Jason had been the Amiga users eyes and ears to the unfolding events at Commodore. He had talked to people taking part in the liquidation and had seen a list of the liquidated stock. The response I got seemed to deepen the mystery. Jason Compton suggested that the existing Amiga Inc. could be wrong in their statement that they do not own the rights. The items were not listed in the archive that was made following Commodore's liquidation, but he pointed out that this does not mean that Commodore did not own them, just that they were not upheld. To double check on this, I sent an email to the Team Amiga mailing list asking for help. Key Amiga personalities from the past and present lurk on the list and it is an active forum for discussion. Responses to my plea were interesting but irrelevant. Dr. Peter Kittel confirmed that the Atari 2600 games were not in the archive of Commodore property made after the Escom take-over. The oldest item from those times was just 1 Joyboard. This was not strictly relevant, but finally showed who currently owns this unique piece of hardware. If only Gateway would manufacture an updated version.

Further comments by Jason Compton opened another possibility. He speculated that, based upon Amiga Corp's financial situation at the time, they may have sold the publishing rights to a rival Atari 2600 developer to gain further funds. I have great difficulty dismissing this possibility. Certainly the unreleased PowerPlay Arcade series showed that Amiga Corp. had held discussions with U.S. Games and Imagic. Could the licensing agreement between Amiga Corp. and these two companies led to the sale of Amiga's software catalogue? Of course this is pure speculation on my part. The Atari 8-bit community has not turned up any such deal that would point to a sale. Atari magazines of the time hardly mention Amiga products, providing no evidence to confirm or deny the speculation. The only people who would know the answer to these burning questions would be those who worked at Amiga Corp. at the time. The first former member contacted was Carl Sassenrath. He is noted for his contribution to the Amiga over the years; he created EXEC, CDXL, and is currently developing the Rebol language. He is also fairly active in the Amiga scene, residing in a number of Amiga newsgroups and mailing lists. Unfortunately, he was unable to answer any questions about the Atari 2600 games. His memory seems to be quite hazy on the subject and was probably forgotten while he was busy on more important things.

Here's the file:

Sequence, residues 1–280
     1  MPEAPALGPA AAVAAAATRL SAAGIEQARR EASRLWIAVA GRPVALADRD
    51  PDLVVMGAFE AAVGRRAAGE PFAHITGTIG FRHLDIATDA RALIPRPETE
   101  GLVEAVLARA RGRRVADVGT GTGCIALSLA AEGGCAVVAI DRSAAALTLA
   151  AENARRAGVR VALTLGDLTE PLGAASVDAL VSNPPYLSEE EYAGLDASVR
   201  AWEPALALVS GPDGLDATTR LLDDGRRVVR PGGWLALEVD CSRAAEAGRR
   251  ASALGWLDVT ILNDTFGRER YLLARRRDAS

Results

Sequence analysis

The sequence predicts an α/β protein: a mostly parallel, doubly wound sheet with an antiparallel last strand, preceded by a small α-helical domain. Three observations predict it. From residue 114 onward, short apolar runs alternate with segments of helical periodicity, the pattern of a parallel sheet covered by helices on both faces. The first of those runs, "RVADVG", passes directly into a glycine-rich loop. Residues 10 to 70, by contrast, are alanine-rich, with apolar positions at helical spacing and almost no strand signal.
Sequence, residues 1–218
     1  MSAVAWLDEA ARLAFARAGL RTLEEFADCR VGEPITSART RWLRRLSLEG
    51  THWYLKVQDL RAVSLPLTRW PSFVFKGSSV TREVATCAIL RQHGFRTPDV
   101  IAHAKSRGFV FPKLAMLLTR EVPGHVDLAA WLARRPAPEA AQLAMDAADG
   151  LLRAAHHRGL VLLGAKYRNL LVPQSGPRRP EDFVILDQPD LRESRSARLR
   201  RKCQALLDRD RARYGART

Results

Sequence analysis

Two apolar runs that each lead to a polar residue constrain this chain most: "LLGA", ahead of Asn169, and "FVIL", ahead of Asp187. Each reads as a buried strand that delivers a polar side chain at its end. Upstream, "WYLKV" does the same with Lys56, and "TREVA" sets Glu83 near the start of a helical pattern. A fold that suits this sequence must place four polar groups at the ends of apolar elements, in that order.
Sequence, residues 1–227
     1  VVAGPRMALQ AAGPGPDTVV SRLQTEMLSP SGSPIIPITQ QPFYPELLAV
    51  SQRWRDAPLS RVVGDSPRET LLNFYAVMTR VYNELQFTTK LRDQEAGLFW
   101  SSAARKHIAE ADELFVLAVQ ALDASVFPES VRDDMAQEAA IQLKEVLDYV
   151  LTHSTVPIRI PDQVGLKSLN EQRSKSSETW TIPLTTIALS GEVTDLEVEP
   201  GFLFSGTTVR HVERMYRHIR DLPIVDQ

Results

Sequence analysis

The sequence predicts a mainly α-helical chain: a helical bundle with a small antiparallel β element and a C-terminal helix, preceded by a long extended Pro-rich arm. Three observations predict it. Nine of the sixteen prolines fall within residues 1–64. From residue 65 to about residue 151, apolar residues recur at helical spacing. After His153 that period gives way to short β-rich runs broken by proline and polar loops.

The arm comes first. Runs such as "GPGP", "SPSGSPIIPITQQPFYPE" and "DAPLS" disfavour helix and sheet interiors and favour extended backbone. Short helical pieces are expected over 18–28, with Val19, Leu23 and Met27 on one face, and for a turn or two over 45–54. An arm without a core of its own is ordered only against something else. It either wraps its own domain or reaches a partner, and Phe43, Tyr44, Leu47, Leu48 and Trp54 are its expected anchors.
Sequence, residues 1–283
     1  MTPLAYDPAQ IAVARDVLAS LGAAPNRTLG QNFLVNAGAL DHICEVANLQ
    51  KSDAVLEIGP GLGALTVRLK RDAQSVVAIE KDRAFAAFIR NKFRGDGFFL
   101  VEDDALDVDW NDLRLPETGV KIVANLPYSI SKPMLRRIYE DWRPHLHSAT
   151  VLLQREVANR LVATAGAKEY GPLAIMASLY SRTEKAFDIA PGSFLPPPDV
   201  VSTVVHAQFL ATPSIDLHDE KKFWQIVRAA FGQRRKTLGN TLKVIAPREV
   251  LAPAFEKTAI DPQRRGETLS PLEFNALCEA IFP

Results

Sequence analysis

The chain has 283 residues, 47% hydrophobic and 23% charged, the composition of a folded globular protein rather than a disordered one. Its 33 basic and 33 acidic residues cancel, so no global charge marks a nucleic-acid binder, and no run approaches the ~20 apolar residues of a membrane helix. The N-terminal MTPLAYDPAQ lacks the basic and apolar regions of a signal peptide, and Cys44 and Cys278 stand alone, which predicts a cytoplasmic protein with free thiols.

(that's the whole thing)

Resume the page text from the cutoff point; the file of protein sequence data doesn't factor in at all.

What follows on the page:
Where do I go from here?

All that is left to write is my current plan of action. Hopefully I will be able to update this page as new information comes to light. The most immediate task is to find out what pieces of Amiga Corp, Commodore actually bought. I have already tracked down two more former Amiga Corp. employees and am waiting for a response so I may have some more information on what happened to these games during 1983/4 . I've also contacted a number of Atari users and programmers, as well as a Gateway employee to try and shed some light upon the subject. If anyone has more to add on this subject please contact me at the address on the home page.